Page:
LED street lights to save Essex £24m
Around 19,000 street lights in Essex are to have LED bulbs fitted in a bid to save £24million.
Essex County Council is proposing to fit the more energy efficient lights into all of the lanterns which are kept on through-out the night.
The programme would cost up to £9.222m, of which £4.35m will be provided in a zero-interest loan by a government-backed organisation part-funded by the Department for Energy and Climate Change.
As well as saving around £1m a year in energy costs the LED lights will save £112,000 annually in maintenance as they are more efficient, and a further £91,000 in carbon tax – a reduction of 60% on its annual tax bill for street lights.
Lights set to be replaced in the two-year project are mainly in town centres, areas covered by CCTV or dangerous road junctions – those which are exempt from the part-night lighting policy, under which the majority of street lights are switched off between 1am and 5am each night.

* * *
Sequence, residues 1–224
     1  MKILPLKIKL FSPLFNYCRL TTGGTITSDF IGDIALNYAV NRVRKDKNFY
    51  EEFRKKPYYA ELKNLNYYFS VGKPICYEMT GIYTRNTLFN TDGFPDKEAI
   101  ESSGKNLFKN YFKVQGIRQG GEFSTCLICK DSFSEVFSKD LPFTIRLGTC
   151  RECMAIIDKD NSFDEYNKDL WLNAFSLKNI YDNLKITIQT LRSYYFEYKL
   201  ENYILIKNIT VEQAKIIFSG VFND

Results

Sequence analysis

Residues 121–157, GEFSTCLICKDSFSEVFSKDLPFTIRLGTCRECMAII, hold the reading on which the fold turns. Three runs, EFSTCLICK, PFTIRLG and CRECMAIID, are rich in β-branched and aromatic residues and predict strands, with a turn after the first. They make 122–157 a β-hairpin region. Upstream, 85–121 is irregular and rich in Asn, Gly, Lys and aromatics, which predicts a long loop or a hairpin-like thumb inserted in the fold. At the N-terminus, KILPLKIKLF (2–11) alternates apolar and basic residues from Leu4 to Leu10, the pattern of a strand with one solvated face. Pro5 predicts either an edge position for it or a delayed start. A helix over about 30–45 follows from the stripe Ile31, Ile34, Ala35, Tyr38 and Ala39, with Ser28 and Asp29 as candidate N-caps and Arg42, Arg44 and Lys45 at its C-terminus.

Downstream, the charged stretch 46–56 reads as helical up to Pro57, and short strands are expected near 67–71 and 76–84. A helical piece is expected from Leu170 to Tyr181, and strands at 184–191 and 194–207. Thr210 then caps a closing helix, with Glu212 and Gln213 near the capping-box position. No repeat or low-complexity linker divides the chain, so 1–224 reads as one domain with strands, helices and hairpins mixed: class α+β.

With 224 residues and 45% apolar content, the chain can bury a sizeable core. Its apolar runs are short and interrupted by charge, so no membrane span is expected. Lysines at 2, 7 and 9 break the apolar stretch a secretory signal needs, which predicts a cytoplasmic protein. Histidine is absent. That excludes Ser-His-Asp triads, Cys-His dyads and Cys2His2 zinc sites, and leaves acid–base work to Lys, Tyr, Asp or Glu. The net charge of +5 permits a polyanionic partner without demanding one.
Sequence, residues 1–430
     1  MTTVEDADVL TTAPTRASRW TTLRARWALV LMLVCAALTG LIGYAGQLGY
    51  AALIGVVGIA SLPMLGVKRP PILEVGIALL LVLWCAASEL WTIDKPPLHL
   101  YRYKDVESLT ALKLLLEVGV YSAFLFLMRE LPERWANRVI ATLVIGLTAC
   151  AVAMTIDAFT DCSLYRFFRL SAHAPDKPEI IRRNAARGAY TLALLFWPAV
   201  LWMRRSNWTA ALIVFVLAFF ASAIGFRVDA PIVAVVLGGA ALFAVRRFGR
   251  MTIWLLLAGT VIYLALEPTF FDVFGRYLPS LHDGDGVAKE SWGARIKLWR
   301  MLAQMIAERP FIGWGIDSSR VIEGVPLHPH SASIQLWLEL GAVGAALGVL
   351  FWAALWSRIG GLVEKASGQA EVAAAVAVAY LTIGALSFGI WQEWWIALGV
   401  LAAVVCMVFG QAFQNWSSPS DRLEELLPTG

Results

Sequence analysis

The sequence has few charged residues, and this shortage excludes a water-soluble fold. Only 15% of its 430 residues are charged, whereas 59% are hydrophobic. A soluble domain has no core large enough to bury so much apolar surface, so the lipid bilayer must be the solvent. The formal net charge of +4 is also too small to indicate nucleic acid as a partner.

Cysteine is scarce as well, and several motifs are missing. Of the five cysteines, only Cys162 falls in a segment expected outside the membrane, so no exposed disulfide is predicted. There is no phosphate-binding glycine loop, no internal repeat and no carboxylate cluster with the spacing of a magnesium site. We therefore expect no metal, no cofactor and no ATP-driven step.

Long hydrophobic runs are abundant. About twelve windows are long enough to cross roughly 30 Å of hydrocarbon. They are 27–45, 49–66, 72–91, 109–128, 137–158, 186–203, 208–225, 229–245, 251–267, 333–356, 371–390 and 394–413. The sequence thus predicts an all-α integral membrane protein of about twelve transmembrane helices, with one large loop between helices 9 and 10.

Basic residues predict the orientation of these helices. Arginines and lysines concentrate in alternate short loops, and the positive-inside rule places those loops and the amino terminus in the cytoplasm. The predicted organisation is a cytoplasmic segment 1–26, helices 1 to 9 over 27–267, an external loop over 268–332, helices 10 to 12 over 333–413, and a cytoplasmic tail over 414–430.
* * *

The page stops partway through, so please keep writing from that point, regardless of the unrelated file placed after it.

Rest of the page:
Opponents to the introduction of the part-night lighting scheme often requested LED lights be fitted as an alternative way to save money and reduce carbon emissions, and it was in response to those calls that a trial was implemented by the county council.
The 19,000 lamps earmarked for the scheme equate to around 14% of the total number of street light in Essex, but are those used the most.
Rodney Bass, county councillor for infrastructure, said: “The council has undertaken a pilot to evaluate the use of LED technology as a replacement for the existing lanterns to monitor the energy savings predicted. The pilot sought to establish whether it is prudent to roll out the wider use of LED lighting.
“The phase one pilot results have demonstrated energy and maintenance savings broadly in line with forecasts and lessons were learned regarding people’s experience of the new lighting.”